Microsoft has introduced a new virtual machine type to Azure: the G-series instances run on Xeon E5 v3 CPUs and Redmond reckons they “provide the most memory, the highest processing power and the largest amount of local SSD of any Virtual Machine size currently available in the public cloud.”
Here's Microsoft's list of the new instances
|VM Size||Cores||RAM (in GiB)*||Local SSD Storage (in GB)*||Persistent Data Disks Max|
*In the table above GB is 10003 and GiB is 10243 Microsoft's claim to be king of the cloud looks justified: Amazon Web Services' i2.8xlarge and r3.8xlarge EC2 instances can claim 32 CPUs, but they're older Xeons and both boast less RAM than Microsoft, at a mere 244GB.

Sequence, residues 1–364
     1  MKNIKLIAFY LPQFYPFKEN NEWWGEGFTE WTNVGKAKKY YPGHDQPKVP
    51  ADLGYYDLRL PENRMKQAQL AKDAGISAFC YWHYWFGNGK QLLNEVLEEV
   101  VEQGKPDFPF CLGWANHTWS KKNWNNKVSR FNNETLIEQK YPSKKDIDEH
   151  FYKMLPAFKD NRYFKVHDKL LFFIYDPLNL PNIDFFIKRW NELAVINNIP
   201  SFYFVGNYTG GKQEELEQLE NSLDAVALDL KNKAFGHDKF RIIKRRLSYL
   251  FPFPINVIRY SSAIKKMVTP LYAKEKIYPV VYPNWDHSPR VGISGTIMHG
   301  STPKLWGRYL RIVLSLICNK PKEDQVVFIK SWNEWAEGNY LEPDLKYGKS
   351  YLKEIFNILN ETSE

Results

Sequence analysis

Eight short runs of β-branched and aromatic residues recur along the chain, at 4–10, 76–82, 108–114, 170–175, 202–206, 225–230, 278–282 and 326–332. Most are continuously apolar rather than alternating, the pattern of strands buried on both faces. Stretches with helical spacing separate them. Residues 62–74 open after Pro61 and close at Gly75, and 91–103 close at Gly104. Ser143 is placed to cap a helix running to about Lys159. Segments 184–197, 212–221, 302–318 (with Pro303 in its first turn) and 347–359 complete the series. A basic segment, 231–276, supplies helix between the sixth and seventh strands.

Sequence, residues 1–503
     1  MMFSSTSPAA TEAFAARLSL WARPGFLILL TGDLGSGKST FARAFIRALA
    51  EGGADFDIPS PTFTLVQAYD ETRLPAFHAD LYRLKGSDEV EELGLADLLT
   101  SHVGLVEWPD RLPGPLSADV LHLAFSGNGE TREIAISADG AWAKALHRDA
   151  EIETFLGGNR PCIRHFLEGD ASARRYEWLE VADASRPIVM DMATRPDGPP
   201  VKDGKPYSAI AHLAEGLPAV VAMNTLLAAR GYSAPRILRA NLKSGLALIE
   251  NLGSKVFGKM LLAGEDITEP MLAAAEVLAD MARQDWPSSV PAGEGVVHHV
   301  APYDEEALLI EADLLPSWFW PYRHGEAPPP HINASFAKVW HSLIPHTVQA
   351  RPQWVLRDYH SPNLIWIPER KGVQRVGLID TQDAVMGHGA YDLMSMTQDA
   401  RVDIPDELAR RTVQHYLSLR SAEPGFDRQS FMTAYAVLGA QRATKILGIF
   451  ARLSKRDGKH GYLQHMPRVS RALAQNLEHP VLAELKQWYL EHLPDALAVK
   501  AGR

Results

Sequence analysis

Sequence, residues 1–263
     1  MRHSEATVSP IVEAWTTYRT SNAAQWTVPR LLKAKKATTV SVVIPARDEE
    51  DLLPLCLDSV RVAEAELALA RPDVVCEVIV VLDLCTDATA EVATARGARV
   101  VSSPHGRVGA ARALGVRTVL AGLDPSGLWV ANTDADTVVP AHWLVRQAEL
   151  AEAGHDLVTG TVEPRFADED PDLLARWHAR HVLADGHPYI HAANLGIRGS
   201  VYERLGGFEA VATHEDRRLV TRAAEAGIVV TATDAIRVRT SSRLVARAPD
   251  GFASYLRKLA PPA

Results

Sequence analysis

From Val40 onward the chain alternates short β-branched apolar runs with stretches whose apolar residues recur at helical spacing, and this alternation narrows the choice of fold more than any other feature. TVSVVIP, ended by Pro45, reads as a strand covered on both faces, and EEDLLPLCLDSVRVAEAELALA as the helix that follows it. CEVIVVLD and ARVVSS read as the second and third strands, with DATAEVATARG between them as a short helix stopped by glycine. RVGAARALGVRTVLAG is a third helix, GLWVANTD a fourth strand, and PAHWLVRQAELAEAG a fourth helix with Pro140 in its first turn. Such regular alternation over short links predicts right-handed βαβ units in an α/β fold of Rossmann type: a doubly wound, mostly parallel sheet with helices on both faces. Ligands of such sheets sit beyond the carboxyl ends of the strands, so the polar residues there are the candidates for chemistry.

Google's n1-highcpu-16 instance clocks in with just 16 vCPUs. Rackspace tops out at 120GB of storage, but can crank it up to 32 Xeon v3 CPUs. SoftLayer tops out at 16CPUs and 64GB of RAM. VMware's vCloud Air does things a little differently as it lets one buy bundles of compute, storage and memory, claims “virtually unlimited” resources and also offers monthly bundles with 30Ghz CPU capacity. That's less than what one can expect from 32 Xeon v3 cores.
All hail Microsoft, then, at least if you think size matters.
Microsoft also appears to think it's what one does with the cloud that counts, as it has popped out its first Docker image. As if to prove that Microsoft can hang with the cool kids, that image is of Ubuntu. There's also a new Azure Key Vault that promises to replicate the hardware security modules organisations use to store keys. The vault's in beta Across Azure's East US, North Central US, North Europe, West Europe, East Asia, and Southeast Asia regions. The G-series images are in West US alone, for now, with a pledge to get them into other Azure bit barns real soon now. ®